Music is language itself. It should not have any barriers of caste, creed, language or anything. Music is one, only cultures are different. Music is the language of languages. It is the ultimate mother of languages.

Citation pending.

Trusting in God never makes the mountain smaller, it just makes the climbing easier. I never ask Him for a lighter load, but only for a stronger back.

Citation pending.

To make music, you must have a stable mind, and to have a stable mind, you need practice, you need a way of life.

 Interview by Matthew Islam, March 2005

I have realised that music can change our society.

The Hindu, Dec. 25, 2004

I like music that is able to stir my soul. My music is a spiritual exercise.

The Hindu. Dec. 25, 2004

‘Swades’ is right from my heart. It is simple and sweet music.

The Hindu, Dec. 25, 2004

Singing requires a totally different energy. I’m more interested in composing than singing. I used to have a complex about my voice, until I heard the late Nusrat Fateh Ali Khan. I felt that if he could create wonders with his voice, I could also try.

Bollyvista.com Interview by Jyothi Venkatesh, 2004


 

The search is more important than the destination.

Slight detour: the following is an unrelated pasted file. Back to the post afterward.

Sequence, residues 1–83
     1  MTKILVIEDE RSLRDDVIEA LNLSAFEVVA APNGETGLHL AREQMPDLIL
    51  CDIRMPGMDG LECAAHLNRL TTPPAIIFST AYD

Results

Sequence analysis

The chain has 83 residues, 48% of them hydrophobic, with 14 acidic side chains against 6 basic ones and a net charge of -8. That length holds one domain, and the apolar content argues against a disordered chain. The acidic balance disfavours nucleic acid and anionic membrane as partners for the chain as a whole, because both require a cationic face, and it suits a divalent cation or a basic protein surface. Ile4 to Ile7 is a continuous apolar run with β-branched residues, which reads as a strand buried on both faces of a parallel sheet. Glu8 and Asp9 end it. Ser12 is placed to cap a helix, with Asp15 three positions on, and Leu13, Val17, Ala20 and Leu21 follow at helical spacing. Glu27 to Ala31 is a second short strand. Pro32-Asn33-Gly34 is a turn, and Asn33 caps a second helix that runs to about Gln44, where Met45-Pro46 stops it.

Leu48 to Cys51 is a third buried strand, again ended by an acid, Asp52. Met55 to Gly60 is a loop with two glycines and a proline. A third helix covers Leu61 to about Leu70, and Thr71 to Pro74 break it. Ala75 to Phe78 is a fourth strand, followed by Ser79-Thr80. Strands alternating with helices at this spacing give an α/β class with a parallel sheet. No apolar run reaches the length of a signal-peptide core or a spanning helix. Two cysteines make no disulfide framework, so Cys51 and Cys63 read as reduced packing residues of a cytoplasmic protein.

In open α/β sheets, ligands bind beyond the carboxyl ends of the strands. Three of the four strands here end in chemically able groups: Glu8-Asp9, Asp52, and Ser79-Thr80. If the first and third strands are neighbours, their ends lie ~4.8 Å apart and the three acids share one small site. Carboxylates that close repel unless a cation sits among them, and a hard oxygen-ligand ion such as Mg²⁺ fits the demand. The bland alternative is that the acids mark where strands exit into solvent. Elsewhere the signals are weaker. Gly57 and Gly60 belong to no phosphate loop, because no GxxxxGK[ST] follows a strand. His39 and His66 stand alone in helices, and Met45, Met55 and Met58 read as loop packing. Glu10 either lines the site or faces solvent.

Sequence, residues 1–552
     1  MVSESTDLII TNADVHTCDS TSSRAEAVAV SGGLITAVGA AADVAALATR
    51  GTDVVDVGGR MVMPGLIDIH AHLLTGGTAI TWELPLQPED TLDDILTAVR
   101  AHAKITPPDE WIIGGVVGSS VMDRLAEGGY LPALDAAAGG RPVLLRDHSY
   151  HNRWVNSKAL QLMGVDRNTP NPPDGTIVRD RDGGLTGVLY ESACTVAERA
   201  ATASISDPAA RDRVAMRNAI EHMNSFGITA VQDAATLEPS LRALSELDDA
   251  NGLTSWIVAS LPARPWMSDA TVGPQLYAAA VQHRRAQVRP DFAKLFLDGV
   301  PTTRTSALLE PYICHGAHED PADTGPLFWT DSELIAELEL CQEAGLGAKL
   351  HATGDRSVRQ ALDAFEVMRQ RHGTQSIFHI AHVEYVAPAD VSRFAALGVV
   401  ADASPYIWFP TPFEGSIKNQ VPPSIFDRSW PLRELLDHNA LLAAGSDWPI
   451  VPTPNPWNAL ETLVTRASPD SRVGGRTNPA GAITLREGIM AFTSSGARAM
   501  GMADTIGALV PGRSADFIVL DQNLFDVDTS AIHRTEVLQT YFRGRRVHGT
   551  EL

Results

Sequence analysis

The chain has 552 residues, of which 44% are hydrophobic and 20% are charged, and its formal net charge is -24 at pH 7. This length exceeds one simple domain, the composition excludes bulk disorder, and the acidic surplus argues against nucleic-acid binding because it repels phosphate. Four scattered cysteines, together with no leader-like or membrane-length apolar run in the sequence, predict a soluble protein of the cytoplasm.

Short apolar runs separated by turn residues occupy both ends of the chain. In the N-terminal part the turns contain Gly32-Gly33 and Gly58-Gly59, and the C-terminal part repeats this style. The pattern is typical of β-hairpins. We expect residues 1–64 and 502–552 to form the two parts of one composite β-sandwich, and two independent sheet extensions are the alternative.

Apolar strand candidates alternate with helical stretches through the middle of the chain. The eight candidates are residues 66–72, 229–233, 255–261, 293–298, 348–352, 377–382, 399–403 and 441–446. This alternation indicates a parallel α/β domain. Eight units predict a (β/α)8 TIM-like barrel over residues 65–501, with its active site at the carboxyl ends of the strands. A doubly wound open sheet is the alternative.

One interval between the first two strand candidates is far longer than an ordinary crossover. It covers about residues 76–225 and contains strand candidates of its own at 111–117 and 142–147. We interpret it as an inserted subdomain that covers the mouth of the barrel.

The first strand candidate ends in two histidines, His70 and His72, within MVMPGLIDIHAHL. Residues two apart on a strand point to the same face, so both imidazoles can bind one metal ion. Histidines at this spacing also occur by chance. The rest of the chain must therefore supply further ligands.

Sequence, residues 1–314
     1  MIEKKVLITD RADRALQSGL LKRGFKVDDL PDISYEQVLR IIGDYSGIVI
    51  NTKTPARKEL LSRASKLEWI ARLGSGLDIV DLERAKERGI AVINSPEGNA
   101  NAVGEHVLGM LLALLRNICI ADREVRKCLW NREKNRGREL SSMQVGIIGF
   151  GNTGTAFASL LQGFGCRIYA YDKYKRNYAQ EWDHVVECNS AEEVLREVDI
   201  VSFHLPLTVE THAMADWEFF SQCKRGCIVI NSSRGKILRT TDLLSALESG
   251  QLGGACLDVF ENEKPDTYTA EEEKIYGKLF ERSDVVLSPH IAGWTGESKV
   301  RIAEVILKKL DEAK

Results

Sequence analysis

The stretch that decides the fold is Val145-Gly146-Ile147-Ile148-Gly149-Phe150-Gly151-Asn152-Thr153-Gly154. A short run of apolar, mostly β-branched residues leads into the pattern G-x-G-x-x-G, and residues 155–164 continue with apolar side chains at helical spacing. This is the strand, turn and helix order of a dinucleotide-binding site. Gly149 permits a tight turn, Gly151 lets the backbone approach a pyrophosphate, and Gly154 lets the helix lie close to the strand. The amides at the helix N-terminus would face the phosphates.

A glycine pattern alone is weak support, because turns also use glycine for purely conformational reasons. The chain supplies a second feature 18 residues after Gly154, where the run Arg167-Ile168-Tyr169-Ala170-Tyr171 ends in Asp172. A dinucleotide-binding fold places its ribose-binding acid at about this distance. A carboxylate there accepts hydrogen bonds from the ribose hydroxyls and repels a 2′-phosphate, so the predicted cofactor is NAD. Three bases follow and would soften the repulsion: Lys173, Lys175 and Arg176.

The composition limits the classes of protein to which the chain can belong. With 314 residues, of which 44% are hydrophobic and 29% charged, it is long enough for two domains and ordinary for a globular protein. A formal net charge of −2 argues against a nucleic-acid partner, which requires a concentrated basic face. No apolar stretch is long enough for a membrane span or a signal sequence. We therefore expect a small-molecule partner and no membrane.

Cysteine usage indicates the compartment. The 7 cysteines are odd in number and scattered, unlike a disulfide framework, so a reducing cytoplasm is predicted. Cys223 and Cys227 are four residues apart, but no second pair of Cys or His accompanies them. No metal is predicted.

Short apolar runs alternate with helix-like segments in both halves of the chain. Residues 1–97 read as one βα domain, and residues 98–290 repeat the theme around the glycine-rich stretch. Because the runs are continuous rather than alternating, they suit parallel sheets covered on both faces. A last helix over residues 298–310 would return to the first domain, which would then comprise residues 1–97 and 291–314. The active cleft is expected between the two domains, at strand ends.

Bollyvista.com Interview by Jyothi Venkatesh, 2004

Music is not just entertainment. Music is a remedy.

A.R. Rahman (March 24, 2004 The Hindu)

The melody remains the core of the song. No melody, no song. I don’t think rap can sustain a two-hour musical.

BBC South Asia, Feb. 4, 2004

I feel at home with my food and my people.

Star Plus Interview (‘Is Duniya Ke Sitaare.’), Feb. 2, 2004

Historicals give me the opportunity to compose melodies. It’s almost like an escapism to the earlier days of film music, when music had a poetic quality to it rather than the mostly dance-oriented pieces we compose now.

New India Express, Aug. 2003

I have felt the need to reinvent myself after every film. Because, the moment a musician shows signs of favouritism for a particular raag or instrument, his compositions begin to sound repetitive. It also irritates the ears to hear the same thing again. But sometimes it’s inevitable, we have to use a particular raag to get a particular feel, even if it has been used before.

Fame is a momentary thing: New India Express, March 2003